Want to see where your very good or very bad or maybe in the middle team ended up this week? To the rankings!

CLICK HERE FOR THE 2019 MLB POWER RANKINGS, PLEASE

Adbert Alzolay makes some memories on an otherwise forgettable night for the Cubs

Adbert Alzolay makes some memories on an otherwise forgettable night for the Cubs

The Cubs lost an entirely forgettable game on Tuesday night, dropping the second of their four games against the NL East-leading Braves by a score of 3-2. They left four men on base, only managed four hits, ran into two outs, and made one error in a game that was over well in time for a Clark Street nightcap, or three. 

What was memorable about Tuesday night was the performance of Adbert Alzolay, the Cubs’ top pitching prospect who was making his first major league start. The final line: 4.2 innings pitched, one hit, one run, four walks and four strikeouts. It’s certainly not the prettiest line you’ll see in tomorrow’s box scores, but the 24 year old passed the eye test with flying colors. 

“Everything was good - he was outstanding,” Joe Maddon said after the game. “I just think he hit a well there at the end. We just have to get him more used to that. Listen, he’s been injured in the past, he’s coming back - you’ve got to be real sensitive to the number of pitches and workload you put on him, because you can see how good he’s going to be.”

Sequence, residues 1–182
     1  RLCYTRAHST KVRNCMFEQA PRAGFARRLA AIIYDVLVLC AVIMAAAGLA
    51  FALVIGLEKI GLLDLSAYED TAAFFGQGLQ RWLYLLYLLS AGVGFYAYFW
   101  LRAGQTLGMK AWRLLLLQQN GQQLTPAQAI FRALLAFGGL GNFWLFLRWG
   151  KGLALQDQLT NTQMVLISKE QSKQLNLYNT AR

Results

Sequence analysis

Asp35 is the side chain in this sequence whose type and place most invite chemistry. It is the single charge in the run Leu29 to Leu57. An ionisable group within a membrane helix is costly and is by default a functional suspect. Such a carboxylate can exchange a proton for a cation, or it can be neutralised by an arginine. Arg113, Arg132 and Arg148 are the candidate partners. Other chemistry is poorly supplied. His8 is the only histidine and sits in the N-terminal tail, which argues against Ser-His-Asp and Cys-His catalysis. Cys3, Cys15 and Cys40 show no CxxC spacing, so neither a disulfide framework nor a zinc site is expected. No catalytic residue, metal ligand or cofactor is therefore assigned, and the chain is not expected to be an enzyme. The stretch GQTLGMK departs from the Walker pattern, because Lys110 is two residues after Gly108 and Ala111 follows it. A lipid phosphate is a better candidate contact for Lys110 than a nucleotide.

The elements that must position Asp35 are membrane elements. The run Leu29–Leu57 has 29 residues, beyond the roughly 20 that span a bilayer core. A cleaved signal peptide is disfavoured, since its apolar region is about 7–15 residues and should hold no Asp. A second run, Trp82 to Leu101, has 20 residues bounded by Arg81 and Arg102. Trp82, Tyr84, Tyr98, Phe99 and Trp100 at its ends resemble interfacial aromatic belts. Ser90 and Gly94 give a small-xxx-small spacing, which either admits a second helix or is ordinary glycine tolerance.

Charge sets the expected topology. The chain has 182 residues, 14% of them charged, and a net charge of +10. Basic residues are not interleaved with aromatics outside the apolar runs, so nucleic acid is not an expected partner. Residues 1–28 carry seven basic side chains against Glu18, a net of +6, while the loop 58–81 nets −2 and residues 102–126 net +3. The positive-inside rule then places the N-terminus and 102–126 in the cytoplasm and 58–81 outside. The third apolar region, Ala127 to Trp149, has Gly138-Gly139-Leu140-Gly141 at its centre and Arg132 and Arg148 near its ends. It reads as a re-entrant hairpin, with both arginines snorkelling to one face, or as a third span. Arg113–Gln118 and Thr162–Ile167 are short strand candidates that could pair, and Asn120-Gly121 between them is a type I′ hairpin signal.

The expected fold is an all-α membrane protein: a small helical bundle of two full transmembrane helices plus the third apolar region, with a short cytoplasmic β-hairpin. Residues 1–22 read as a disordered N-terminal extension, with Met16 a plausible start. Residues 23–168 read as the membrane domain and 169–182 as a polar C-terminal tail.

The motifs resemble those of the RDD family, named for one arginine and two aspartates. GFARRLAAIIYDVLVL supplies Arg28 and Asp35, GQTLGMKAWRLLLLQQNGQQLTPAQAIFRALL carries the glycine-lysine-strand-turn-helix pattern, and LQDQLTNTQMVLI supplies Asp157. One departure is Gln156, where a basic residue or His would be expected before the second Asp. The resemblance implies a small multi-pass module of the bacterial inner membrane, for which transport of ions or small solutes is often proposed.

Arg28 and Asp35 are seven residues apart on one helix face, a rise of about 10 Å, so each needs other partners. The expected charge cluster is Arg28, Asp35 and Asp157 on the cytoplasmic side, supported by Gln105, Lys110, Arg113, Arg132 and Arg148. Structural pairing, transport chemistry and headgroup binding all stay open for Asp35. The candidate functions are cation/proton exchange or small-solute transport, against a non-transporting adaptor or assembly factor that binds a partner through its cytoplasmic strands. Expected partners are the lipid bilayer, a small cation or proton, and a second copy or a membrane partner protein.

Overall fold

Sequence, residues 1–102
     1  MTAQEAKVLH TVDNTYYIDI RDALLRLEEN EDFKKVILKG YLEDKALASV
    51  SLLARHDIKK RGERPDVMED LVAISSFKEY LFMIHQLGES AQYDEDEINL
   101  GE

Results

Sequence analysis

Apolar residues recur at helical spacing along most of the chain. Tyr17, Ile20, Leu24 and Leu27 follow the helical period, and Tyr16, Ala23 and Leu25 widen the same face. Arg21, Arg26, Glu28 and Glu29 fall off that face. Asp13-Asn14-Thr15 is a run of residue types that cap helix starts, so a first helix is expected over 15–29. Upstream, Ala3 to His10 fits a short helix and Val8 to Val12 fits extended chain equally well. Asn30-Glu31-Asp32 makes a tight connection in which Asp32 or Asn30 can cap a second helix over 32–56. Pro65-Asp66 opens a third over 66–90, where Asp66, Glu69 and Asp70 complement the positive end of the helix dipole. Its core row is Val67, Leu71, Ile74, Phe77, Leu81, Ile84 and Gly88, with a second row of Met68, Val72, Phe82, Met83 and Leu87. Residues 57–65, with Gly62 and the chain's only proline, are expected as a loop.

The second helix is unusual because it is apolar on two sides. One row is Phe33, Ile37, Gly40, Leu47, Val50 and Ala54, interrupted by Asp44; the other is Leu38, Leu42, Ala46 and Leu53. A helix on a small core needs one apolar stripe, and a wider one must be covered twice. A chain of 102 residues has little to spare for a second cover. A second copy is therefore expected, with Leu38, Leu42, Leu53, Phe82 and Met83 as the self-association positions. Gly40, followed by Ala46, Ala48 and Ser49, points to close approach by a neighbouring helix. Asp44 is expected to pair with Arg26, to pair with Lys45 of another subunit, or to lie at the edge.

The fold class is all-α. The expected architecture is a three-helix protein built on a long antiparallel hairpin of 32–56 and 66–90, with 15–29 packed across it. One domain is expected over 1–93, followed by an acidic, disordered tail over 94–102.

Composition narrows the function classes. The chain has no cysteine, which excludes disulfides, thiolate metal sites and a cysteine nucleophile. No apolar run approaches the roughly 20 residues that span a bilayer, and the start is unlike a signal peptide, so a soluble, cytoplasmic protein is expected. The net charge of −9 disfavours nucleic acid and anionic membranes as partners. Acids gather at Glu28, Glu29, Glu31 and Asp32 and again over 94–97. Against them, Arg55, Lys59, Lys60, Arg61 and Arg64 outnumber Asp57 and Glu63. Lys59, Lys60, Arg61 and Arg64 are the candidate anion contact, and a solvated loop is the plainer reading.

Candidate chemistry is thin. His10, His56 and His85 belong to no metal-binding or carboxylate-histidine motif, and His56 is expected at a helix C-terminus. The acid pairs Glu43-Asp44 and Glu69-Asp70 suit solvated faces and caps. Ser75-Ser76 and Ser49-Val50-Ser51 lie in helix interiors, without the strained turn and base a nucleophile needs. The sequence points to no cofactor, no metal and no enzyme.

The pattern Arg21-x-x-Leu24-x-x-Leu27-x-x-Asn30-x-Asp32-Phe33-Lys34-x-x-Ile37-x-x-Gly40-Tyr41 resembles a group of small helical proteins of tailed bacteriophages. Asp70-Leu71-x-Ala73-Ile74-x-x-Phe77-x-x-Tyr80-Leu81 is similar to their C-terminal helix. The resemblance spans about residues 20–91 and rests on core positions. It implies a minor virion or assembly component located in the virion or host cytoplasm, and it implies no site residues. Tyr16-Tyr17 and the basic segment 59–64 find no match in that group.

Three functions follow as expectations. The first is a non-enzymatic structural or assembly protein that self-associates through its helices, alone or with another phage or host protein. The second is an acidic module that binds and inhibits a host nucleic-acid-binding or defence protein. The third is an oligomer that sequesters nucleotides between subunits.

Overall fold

Things got off to an inauspicious start for Alzolay, whose first pitch of the game was crushed 413 feet into the left field bleachers for a leadoff homer, courtesy of Braves’ outfielder Ronald Acuña Jr. It would prove to be the only hit and run that Alzolay allowed on the night. 

“It’s just one pitch,” he said. “You have to keep working - the game continues. I was just starting the game, so if you lose your mind in that situation than you’re not going to last a lot of innings.

“Even after the home run, he came right back and said, ‘I’m fine’,” Maddon added. “Then he went up and got three really good hitters out. I liked the mound demeanor, we’ve just got to get him a little further along in regards to being stretched out.”

After coming out flat with his secondary pitches during his 4-inning relief appearance on June 20th, Alzolay flashed better command and execution of both his curveball and changeup. Half of his strikeouts came on the curveball - one to get left fielder Austin Riley in the 2nd and one to get Acuña in the 3rd. After throwing 13 changeups in his debut, Alzolay double that number on Tuesday (27). 

“I’m feeling really confident throwing the pitch in any count,” Alzolay said of his changeup. “Tonight I threw it a couple times when I was behind in the count and I got a good result after that, so I’ll just keep on throwing it.

“For us to get confident at something, you have to practice, you have to execute it, and you have to use it in the game,” said catcher Willson Contreras, who plated both of the Cubs’ two runs with a double in the 4th. “For him to be able to throw the changeup for a strike, and strikeout people, it’s really good - especially at his age.”

Maddon couldn’t answer when Alzolay would make his next start. With Kyle Hendricks eyeing a return around the All-Star break, there would seemingly be a few more opportunities ahead of the rookie. Given what he showed on Tuesday night, it’d be hard to argue against it.

"He can be really good in the big leagues," Contreras said. "He still needs to make adjustments like all of us, but with the confidence he has, the ability he has, and the way he prepares before the games, it's going to take him a long way."